Exhibit teaches how far civil rights has come in United States
An exhibit celebrating the 50th anniversary of Freedom Riders was hosted in February during Black History Month at St. Mary’s Academy in New Orleans. The traveling exhibition, created by the Gilder Lehrman Institute of American History in partnership with PBS’ history series “American Experience,” offered a glimpse of the civil rights struggles and the courageousness of hundreds of black and white youth who from May through November 1961 rode buses together to challenge the validity of federal laws that prohibited segregation on interstate buses and at bus and train terminals.
St. Mary’s Academy librarian Michelle Ochillo secured the exhibit for February, the month traditionally designated as Black History Month.
“(The timing) would make it more meaningful and salient in everyone’s minds and present an opportunity to promote the legacy of New Orleans Freedom Riders,” Ochillo said.
St. Mary’s students and students from other schools that took advantage of an invitation to view the exhibit were treated to a two-hour PBS-aired “Freedom Riders” documentary (www.pbs.org/freedomriders) that premiered in May 2011. They also participated in discussions led by one of the Freedom Riders from New Orleans – Doratha “Dodie” Smith-Simmons.
Involved at a young age
Smith-Simmons, 69, was a teenager in New Orleans in the middle of the civil rights struggle in the early 1960s and clearly remembers the days when black Americans were segregated on buses, trains, at train stations, in restaurants and even in the Catholic church. She shared her experiences with students so they would realize that things they take for granted today – eating in restaurants and riding a bus – were made possible through the efforts of previous generations.
“The people before us had to go through a lot to get to where we are today,” Smith-Simmons said.
Following in the footsteps of an older sister who led the charge to desegregate Louisiana State University of New Orleans, Smith-Simmons joined the National Association for the Advancement of Colored People (NAACP) Youth Council at age 15 and then the Congress of Racial Equality (CORE) in New Orleans, which helped plan the Freedom Rides.
It was the national CORE in 1961 that tested the strength of two U.S. Supreme Court decisions – Morgan vs. Virginia (1946) and Boynton v. Virginia (1960) – which made racial segregation illegal in interstate travel and bus terminals, waiting rooms and restaurants by organizing what is known as “The Freedom Ride.”
The first 13 “Freedom Riders” trained by CORE took a bus trip in May 1961 from Washington, D.C., heading south, where the court rulings were basically ignored. New Orleans was to be the final destination, but violence prevented the first bus from making it that far south.
A second bus leaving Alabama was torched by a gas bomb thrown by Klansmen. Riots, rallies and martial law ensued in Alabama by May 22.
Federal government steps in
U.S. Attorney General Robert Kennedy got involved by May 24, calling on southern governors to guarantee safe bus passage of the Freedom Riders from one state to another. But bus riders, including five New Orleans CORE members traveling from Montgomery, were arrested when they reached Mississippi, Smith-Simmons said. Smith-Simmons said she didn’t take that bus ride because she was a trainer at the CORE New Orleans office.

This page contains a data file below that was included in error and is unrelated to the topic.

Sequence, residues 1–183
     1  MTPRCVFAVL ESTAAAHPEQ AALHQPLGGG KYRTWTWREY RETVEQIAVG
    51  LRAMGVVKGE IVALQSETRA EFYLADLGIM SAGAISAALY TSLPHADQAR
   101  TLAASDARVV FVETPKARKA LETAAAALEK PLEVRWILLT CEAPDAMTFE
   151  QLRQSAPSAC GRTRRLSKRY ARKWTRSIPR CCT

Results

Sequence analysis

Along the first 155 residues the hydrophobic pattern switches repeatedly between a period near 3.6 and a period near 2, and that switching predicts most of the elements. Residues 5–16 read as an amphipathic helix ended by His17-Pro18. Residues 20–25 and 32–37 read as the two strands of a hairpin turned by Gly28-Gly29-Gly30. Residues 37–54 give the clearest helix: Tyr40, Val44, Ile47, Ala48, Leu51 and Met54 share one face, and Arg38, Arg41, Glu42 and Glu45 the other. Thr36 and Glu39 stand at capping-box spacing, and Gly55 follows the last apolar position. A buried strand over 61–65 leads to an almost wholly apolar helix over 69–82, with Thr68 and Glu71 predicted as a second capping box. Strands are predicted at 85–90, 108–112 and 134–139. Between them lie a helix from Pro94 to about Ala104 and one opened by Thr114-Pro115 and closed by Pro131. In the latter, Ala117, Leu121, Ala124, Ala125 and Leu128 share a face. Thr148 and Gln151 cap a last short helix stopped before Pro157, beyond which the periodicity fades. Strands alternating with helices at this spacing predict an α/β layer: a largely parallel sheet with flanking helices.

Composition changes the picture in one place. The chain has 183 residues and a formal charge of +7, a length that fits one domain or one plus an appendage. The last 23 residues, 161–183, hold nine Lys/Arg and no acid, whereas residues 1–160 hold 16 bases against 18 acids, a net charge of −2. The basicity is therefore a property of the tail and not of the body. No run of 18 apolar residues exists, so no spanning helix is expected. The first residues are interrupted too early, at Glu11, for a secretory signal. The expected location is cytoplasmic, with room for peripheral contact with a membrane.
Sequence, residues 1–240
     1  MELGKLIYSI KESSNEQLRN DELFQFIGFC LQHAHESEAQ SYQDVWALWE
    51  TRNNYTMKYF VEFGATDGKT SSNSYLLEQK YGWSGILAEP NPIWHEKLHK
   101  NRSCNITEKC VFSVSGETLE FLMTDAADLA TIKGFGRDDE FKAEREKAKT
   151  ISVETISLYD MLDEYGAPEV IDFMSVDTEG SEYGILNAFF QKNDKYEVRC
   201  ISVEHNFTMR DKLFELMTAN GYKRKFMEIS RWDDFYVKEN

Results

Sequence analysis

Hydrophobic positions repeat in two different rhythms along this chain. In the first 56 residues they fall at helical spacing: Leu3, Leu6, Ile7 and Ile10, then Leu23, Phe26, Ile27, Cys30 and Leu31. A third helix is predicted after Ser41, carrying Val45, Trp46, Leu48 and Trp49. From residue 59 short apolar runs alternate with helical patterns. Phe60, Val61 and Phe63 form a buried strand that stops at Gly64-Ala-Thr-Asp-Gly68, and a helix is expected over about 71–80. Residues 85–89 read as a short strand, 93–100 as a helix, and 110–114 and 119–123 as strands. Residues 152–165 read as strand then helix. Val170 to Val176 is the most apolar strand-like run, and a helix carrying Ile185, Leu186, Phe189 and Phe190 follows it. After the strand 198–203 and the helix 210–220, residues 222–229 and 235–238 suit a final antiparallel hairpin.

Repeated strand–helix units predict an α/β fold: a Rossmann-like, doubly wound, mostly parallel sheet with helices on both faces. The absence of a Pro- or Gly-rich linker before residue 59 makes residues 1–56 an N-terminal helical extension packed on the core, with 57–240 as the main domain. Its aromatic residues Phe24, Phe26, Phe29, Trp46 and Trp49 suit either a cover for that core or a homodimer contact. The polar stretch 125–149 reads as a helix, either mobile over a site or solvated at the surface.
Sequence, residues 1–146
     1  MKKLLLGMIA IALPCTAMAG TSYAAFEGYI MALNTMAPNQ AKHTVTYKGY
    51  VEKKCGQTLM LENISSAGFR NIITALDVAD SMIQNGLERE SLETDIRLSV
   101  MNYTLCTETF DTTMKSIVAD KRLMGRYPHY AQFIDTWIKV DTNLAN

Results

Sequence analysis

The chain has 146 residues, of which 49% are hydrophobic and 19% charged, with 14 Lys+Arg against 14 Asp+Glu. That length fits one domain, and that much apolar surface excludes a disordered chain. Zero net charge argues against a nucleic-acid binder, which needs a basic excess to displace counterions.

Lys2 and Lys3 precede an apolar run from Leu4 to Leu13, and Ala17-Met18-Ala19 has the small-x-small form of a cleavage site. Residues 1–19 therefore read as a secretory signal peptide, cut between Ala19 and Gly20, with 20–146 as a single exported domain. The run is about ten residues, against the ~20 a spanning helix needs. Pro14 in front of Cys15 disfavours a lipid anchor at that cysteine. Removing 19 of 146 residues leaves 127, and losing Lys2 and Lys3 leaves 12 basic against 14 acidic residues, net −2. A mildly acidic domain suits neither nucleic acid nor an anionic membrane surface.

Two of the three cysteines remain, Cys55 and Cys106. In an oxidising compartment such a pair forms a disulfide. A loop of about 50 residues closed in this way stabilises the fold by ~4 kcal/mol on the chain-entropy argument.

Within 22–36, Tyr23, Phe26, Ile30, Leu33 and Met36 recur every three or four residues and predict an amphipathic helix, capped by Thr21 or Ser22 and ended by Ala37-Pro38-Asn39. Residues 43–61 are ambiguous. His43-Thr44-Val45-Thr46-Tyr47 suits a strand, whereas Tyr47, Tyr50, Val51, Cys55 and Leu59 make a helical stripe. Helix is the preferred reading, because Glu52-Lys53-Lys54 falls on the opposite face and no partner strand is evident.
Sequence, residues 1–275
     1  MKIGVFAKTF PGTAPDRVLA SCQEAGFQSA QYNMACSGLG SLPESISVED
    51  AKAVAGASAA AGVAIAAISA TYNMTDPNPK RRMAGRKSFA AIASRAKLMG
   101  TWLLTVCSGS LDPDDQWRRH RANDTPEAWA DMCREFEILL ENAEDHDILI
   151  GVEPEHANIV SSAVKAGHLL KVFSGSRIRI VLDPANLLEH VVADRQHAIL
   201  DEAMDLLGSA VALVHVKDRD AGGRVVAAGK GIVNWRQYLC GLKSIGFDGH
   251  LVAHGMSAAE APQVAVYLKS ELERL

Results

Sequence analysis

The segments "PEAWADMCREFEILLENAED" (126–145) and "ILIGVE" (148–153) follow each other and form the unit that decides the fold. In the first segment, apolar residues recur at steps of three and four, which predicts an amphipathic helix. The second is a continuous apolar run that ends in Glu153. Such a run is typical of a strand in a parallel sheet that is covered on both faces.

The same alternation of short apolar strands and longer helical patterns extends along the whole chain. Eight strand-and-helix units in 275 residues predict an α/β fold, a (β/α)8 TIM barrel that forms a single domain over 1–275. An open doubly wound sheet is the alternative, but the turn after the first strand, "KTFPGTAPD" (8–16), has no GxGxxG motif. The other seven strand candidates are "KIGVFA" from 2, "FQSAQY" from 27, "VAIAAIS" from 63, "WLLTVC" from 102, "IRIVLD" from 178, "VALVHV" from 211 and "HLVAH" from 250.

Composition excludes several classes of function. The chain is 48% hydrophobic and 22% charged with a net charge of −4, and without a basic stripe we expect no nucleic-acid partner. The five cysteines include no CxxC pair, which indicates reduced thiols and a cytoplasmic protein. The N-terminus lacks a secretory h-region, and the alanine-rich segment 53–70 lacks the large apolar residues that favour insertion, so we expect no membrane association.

“Nobody had any idea it would become as large as it did,” Smith-Simmons said.
Attorney General Kennedy got involved again on May 29, this time requesting a desegregation order from the Interstate Commerce Commission (ICC). The Freedom Rider movement expanded with training centers in New Orleans, Atlanta and Nashville. The ICC passed a sweeping desegregation order by Sept. 22, forcing all segregated signage to be removed from bus terminals and buses.
Other bus trips were coordinated by CORE throughout the South to test the Interstate Commerce Commission Ruling.
Smith-Simmons remembers taking a test run from the New Orleans Trailways Bus terminal with four others to McComb, Miss., where she was beaten. It was on this trip that she spoke directly with Attorney General Kennedy, who told her that agents from the FBI would escort them back to New Orleans. The five refused the help and rode back on the bus.
She also remembered participating in sit-ins and voter registration drives once the Voting Rights Act was passed in 1965.
Ochillo and Smith-Simmons, believe the exhibit and the two-hour documentary are important for today’s students to understand the great sacrifices their ancestors made to achieve racial equality.
“They were willing to sacrifice their life for human rights ... for everyone to have the right to work, eat in a restaurant and get on a bus to go to any destination,” Ochillo said. “And the fact that we had a New Orleans connection to the Freedom Riders, I wanted our kids and other New Orleans students to know about that. We helped individuals achieve civil rights.”
She also thinks it teaches a lesson on what a small group of committed people can achieve.
“I want our kids to understand that they will face social justice issues, and they are going to be called to stand up and give voice to people who cannot speak for themselves (for example, on abortion rights or other human rights),” Ochillo said. “ They need to think the Freedom Riders were a lesson to learn from – that you can pool together for a solution (and) to give voice to issues that need to be changed.”
“The Freedom Riders is a history lesson, but a current lesson in life that can be applied today,” Ochillo said.
St. Mary’s Academy, a member of the Gilder Lehrman Institute of American History, was chosen as one of 26 host sites for the exhibit.